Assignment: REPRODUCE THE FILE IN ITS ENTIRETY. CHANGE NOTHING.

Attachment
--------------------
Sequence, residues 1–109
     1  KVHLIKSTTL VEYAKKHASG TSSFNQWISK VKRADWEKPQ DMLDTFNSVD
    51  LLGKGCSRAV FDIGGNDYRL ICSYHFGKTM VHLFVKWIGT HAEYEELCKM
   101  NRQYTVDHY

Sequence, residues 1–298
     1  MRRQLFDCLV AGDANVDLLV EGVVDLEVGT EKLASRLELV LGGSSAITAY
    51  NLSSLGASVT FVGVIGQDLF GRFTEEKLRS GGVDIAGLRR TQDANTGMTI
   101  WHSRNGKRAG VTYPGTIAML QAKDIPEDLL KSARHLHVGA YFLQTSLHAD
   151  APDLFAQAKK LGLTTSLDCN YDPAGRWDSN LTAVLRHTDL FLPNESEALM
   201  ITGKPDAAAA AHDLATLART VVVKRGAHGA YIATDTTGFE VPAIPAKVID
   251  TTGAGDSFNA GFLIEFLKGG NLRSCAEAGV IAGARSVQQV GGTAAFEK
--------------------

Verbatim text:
Sequence, residues 1–109
     1  KVHLIKSTTL VEYAKKHASG TSSFNQWISK VKRADWEKPQ DMLDTFNSVD
    51  LLGKGCSRAV FDIGGNDYRL ICSYHFGKTM VHLFVKWIGT HAEYEELCKM
   101  NRQYTVDHY

Sequence, residues 1–298
     1  MRRQLFDCLV AGDANVDLLV EGVVDLEVGT EKLASRLELV LGGSSAITAY
    51  NLSSLGASVT FVGVIGQDLF GRFTEEKLRS GGVDIAGLRR TQDANTGMTI
   101  WHSRNGKRAG VTYPGTIAML QAKDIPEDLL KSARHLHVGA YFLQTSLHAD
   151  APDLFAQAKK LGLTTSLDCN YDPAGRWDSN LTAVLRHTDL FLPNESEALM
   201  ITGKPDAAAA AHDLATLART VVVKRGAHGA YIATDTTGFE VPAIPAKVID
   251  TTGAGDSFNA GFLIEFLKGG NLRSCAEAGV IAGARSVQQV GGTAAFEK